Sadly, the critical role that nurses and midwives play in keeping people (and the health system) safe is all too often unseen and unrecognised. Maybe it is that we are so familiar and numerous that our role is somewhat taken for granted.
Everyone seems to have a close family member or friend who is a nurse, and this personal connection can be both a blessing and a curse. We are known, respected and even loved, but our work is not fully understood or appreciated.
Our 24/7 presence in the health system means that we are the common thread, the “glue” that keeps the system both safe and human. As such on a daily basis, we play a critical surveillance role.
Sometimes we are reminded of this, like the recent intervention by a nurse after two elderly residents were injected with a higher than the recommended dose of the Pfizer Covid-19 vaccine at a nursing home in Carseldine in the north of Brisbane. As soon as this error was detected, the nurse immediately spoke out and then stayed to monitor the residents following the departure of the doctor who had made the error.
Unfortunately, this doctor had not undertaken the mandatory vaccination training course provided through the Australian College of Nursing. (I hope this case does not point to a wider reluctance on the part of medical practitioners to complete this training because it is being provided through the Australian College of Nursing.)
Federal Health Minister Greg Hunt immediately called an urgent investigation. The CEO of Healthcare Australia, the private company contracted by the federal government to undertake the Queensland aged care facility vaccination program, has been stood aside. The Federal Government immediately sent in a nurse – Debra Thoms, a former Commonwealth Chief Nursing and Midwifery Officer – to sort out the issue. Of course they did. This all has a long way to play out yet.
It is another example of the problems of outsourcing in health – from quarantine to aged care.
Thankfully, the 88-year-old man and the 94-year-old woman do not appear to have experienced any adverse reaction, though it was reported that scheduled surgery for the man has been delayed.
This error highlights a number of critical issues for the ongoing rollout of the Covid-19 vaccine program.
Most importantly, we must establish processes to ensure that the mandatory training for health practitioners has been completed before they start vaccinations. This is especially important given the federal government vaccine rollout is occurring via sub-contracting arrangements that make robust oversight more difficult.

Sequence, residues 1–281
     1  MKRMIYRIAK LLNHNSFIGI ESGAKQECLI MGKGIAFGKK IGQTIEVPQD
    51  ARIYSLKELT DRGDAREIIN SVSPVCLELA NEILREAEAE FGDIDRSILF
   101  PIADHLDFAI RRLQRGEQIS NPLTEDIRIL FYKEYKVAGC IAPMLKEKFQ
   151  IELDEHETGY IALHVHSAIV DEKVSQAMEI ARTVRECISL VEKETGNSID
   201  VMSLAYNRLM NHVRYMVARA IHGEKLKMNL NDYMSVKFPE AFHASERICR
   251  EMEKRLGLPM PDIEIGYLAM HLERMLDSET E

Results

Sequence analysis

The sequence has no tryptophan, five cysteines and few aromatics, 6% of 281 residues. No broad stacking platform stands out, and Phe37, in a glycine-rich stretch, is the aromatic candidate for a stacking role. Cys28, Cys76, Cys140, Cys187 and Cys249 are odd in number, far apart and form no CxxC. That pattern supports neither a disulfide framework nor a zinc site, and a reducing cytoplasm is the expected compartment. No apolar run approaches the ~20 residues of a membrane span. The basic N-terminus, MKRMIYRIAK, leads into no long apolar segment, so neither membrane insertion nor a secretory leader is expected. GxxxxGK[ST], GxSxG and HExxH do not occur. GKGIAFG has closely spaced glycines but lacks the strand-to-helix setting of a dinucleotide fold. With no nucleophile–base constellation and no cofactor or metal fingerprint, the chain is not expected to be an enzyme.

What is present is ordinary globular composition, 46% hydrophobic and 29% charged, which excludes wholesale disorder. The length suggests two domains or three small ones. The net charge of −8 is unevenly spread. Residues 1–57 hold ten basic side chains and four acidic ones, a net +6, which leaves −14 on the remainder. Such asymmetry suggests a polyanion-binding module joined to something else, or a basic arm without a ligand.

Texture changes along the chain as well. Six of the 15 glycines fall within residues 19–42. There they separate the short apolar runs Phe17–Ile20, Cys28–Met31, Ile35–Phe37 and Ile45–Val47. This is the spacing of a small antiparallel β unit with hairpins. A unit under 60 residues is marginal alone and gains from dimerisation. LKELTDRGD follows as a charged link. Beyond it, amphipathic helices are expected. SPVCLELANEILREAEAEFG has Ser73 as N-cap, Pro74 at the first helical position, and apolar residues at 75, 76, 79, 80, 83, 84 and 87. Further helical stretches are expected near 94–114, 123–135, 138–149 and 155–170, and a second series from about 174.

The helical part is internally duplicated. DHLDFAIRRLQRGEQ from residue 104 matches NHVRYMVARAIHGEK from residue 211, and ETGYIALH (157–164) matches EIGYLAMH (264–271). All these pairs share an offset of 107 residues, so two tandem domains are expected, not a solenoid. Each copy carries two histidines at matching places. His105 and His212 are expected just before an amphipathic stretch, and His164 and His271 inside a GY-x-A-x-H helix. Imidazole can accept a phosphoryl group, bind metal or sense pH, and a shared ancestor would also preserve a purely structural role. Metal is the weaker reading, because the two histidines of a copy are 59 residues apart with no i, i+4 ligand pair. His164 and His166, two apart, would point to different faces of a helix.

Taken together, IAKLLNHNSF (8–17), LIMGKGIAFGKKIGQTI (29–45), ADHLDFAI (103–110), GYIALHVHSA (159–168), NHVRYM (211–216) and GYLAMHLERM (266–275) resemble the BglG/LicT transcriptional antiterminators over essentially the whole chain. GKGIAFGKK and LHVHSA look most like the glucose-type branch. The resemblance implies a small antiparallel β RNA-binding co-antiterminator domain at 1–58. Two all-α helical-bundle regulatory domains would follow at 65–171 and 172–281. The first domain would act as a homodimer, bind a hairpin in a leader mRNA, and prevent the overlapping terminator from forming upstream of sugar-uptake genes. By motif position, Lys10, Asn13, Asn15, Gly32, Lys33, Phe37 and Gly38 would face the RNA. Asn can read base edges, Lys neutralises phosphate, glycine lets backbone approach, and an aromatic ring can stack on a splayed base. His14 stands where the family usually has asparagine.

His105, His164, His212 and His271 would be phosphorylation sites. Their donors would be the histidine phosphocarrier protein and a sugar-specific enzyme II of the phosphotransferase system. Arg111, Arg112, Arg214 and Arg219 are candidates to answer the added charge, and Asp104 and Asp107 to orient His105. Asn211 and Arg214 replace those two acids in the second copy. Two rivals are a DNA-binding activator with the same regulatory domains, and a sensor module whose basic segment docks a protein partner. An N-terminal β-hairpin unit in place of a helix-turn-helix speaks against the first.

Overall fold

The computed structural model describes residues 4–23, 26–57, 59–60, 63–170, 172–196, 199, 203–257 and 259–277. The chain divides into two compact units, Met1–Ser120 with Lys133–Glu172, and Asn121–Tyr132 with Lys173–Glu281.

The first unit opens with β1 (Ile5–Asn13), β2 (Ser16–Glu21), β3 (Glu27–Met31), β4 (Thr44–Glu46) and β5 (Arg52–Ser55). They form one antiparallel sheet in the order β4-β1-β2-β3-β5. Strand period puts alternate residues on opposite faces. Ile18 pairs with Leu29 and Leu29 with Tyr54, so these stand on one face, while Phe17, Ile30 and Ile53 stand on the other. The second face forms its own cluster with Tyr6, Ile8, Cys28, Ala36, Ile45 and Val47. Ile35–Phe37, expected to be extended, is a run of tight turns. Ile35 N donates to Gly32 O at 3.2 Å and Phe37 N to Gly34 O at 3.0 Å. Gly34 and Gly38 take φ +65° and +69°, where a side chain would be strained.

Ensuring that the mandatory training is completed by all is essential as errors could be more likely to occur given single-dose vaccines are more commonplace and the Pfizer vaccine comes in a multi-dose vial.
Establishing robust planning, governance and reporting arrangements for the vaccine rollout is vital given its scale and complexity. The federal and state governments must be clear about their respective roles and who is best placed to effectively conduct the vaccinations on the ground. Providing adequate funding for this is essential, especially given the competing demands being experienced by our public health system.
But for me this case also highlights something more fundamental. The vital role that nurses and midwives play in keeping patients and residents safe is too often taken for granted. The entrenched power imbalances in our health system reinforce this under-valuing.
For me, our nursing and midwifery values of caring, advocacy, holism and professionalism sum up the richness and nuance of our work and contribution.
Caring is central to our role, and too often the caring work we do is not seen or adequately valued. The pandemic has highlighted that “caring work”, done by nurses, midwives or others, is central to both our health and economic recovery. Caring is foundational to a well-functioning, cohesive and fair society and economy. Hopefully, the pandemic will assist in re-framing our public debate to acknowledge this.
We advocate for those in our care instinctively every day, at an individual and system level. Nurses and midwives coordinate, interpret and help navigate care. Just like the nurse in this example, we have the courage to speak out when mistakes are made, or a situation is unsafe.
We look after the whole person across a wide range of settings. Nurses and midwives perform a privileged role, providing holistic care to people at their most vulnerable. Inherent in this vulnerability is the need to maintain confidentiality and dignity, so much of our work remains unspoken.
Lastly, we are professionals who are accountable to our community through a robust regulatory framework, practice standards and codes of ethics. Nurses and midwives are committed to advancing safety and quality as autonomous and accountable health professionals in our own right. Unfortunately, this is still not fully appreciated and is sometimes actively undermined by some.
Although it may not have been fully appreciated in the moment of “speaking out”, the nurse at the Carseldine nursing home gave powerful effect to these four values through her action. She is keeping our health system safe and human, and I am thankful that this occurs on a daily basis. We just usually don’t get to hear about it.